Once you enter your search terms, select your parameters, and twiddle your thumbs while NodeXL communicates with twitter through its API, your NodeXL worksheet will become populated with vertex identities (of twitter users) and miscellaneous metadata:

The edges worksheet will also become populated with:

With this degree of detail in the metadata, there’s little limit to what you can do with NodeXL– only what Twitter will and will not allow through its Rest API

To Generate Network Graphs in NodeXL

Play around with this a litte bit. There’s lots to be done. The default graphing algorithm is the Fructerman-Reingold. You can change this from the drop down menu to the “Harel-Koren Fast Multiscale” or some shape-driven geometry. Try “Lay[ing] out [the graph] again” and see how the network reconstitutes itself with each iteration of the algorithm (usually in the direction of entropy, but sometimes fruitfully).

Analyzing Networks

The first step of analyzing networks is with your eyes. A good place to start with this is to use NodeXL’s dynamic filters (“NodeXL” tab –> “Analysis” pane –> giant filter icon, says “dynamic filters” right underneath it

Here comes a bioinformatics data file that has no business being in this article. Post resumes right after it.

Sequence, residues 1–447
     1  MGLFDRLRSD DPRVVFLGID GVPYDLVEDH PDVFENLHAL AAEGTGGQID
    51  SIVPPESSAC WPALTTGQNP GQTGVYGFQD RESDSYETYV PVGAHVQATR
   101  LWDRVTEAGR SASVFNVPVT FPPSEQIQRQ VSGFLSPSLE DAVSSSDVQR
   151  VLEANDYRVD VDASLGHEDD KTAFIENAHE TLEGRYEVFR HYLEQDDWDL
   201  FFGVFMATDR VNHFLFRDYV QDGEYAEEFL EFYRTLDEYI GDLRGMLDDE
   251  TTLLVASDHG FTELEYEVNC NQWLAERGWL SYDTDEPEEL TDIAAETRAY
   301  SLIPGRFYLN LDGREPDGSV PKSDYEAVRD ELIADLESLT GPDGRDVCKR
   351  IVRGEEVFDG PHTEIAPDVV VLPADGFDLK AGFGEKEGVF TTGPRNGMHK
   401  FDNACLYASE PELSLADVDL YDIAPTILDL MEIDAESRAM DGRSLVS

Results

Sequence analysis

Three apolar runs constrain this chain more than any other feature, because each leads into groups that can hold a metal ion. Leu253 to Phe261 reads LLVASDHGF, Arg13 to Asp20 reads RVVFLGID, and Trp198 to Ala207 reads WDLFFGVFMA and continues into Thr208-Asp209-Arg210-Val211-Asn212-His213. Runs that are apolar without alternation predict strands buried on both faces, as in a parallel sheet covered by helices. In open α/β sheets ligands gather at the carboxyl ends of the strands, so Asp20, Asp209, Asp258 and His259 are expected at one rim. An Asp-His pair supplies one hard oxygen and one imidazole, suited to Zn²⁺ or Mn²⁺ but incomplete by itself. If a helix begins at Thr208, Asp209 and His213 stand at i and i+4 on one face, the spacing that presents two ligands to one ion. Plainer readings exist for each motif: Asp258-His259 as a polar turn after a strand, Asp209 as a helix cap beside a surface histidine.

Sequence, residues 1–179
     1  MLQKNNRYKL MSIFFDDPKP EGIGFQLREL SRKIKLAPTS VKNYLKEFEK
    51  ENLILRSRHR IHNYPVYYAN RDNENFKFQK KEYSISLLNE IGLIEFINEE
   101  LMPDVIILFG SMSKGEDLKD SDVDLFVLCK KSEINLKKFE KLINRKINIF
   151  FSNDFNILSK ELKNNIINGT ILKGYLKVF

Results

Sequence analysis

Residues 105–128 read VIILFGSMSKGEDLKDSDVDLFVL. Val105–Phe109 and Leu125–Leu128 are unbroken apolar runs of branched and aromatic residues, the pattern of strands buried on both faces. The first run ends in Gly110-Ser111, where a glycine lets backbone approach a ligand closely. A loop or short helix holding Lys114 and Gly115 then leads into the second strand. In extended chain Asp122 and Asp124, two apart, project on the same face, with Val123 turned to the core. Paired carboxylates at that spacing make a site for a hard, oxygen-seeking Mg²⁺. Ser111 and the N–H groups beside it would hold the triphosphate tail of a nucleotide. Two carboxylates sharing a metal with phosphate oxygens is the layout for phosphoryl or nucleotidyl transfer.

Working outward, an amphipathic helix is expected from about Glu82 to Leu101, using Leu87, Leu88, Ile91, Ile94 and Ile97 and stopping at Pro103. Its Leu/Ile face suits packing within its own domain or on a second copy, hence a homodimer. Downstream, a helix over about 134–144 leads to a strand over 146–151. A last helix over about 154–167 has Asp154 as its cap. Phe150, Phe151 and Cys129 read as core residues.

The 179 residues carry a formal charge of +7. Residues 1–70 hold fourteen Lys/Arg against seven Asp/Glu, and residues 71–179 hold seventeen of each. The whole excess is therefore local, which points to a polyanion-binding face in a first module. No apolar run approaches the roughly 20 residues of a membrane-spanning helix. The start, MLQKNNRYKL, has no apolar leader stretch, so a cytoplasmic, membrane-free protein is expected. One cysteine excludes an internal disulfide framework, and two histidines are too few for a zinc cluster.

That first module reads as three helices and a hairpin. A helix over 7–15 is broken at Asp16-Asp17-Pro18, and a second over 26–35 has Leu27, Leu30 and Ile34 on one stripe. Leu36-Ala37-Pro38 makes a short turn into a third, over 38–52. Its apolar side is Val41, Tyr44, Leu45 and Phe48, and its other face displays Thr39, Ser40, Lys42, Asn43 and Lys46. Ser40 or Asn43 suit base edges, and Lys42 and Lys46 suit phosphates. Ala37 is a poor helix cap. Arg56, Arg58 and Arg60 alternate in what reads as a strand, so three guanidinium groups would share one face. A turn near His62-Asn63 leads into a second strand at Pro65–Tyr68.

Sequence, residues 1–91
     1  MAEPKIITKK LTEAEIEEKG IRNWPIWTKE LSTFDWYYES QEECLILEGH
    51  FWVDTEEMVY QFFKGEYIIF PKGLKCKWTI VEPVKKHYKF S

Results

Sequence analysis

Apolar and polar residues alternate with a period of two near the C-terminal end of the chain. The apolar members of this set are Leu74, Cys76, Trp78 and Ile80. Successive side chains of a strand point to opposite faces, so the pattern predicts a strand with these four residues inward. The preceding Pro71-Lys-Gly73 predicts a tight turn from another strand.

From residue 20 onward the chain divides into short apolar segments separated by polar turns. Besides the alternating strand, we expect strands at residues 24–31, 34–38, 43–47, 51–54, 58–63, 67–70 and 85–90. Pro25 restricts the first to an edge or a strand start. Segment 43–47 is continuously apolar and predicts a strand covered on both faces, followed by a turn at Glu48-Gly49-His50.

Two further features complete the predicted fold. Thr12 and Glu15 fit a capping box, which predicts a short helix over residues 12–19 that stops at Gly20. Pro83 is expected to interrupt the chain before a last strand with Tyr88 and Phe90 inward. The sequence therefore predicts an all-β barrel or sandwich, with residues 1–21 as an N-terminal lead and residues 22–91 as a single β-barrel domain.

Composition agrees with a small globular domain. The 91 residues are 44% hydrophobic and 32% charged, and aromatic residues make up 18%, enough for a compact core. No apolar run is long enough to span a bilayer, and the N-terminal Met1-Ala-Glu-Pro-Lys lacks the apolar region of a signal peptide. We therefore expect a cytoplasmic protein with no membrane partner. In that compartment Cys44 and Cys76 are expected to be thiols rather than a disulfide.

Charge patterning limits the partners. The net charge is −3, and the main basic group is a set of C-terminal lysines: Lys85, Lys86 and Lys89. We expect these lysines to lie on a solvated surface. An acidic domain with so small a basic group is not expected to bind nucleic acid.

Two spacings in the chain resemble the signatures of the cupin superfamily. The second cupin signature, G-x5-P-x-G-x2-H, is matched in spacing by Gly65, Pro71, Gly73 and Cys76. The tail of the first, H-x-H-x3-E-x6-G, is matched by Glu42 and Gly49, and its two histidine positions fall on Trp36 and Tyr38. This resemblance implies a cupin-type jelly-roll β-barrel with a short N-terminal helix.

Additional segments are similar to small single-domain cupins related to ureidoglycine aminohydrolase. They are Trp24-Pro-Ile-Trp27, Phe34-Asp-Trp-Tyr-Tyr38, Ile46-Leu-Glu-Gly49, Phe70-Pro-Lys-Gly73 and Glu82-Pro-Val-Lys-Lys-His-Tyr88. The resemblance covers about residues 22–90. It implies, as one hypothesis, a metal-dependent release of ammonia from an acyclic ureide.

NodeXL Dynamic Filters

These filters allow you to selectively view the graph according to parameters of your choosing – when the tweet was sent, the age of the relationship between users, the number of followers, other stuff. What was a messy jumble of cubist spaghetti-still-life can be narrowed according to your research priorities.

The next analytic tool is grouping algorithms. Also in the analysis pane of the NodeXL tab, you’ll see a dropdown menu for groups:

NodeXL Groups

As you can see, NodeXL allows you to rearrange your graph according to different parameters (motif, cluster, vertex attribute, connected component). These grouping algorithms befit different priorities, but I find the cluster algorithms best for highlighting nodal relationships inherent to your network. You can then tell the graph (in the “Document Actions” pane) to “Lay Out Again,” and it will rearrange your nodes according to your grouping algorithm, centralizing the kind of relationships you’re interested in, and casting those of a lower priority, or irrelevance, to the periphery of the graph.

After you’re done using your brain to analyze the graph, let the computer do its job. NodeXL has built in computational metrics commensurate with standard graph theoretic techniques.

In the “NodeXL” tab –> “Analysis” pane –> “Graph Metrics” dropdown menu, you will see a list of measurements and their descriptions NodeXL can take of your graph.

NodeXL Graph Metrics List

I can’t go into the usefulness or mathematical bases of all of these metrics, but the descriptions provided by NodeXL suffice for introductory purposes. With the nodes of 2,000 tweets (with NodeXL basic) or the 18,000 allowed by twitter, the topology of the graph surpasses the limits of human intuition, and these metrics become necessary and powerful ways to make sense of networks.

Further Reading

General

Ethics